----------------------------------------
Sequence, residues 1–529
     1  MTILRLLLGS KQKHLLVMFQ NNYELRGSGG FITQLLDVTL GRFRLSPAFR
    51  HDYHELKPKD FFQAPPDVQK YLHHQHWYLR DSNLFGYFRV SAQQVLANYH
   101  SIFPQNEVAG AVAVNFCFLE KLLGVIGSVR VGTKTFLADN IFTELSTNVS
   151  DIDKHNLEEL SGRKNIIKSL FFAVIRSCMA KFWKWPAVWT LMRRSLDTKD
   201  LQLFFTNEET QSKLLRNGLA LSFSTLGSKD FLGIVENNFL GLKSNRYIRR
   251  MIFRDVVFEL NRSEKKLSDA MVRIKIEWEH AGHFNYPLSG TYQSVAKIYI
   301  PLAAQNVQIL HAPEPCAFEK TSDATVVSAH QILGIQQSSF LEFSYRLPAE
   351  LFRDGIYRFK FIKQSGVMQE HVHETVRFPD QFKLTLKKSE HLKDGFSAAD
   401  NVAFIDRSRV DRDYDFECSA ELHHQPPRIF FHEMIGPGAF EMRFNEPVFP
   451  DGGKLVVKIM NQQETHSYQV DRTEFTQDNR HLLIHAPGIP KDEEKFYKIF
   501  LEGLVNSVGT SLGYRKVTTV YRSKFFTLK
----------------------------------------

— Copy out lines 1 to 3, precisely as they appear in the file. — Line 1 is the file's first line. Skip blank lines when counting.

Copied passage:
Sequence, residues 1–529
     1  MTILRLLLGS KQKHLLVMFQ NNYELRGSGG FITQLLDVTL GRFRLSPAFR
    51  HDYHELKPKD FFQAPPDVQK YLHHQHWYLR DSNLFGYFRV SAQQVLANYH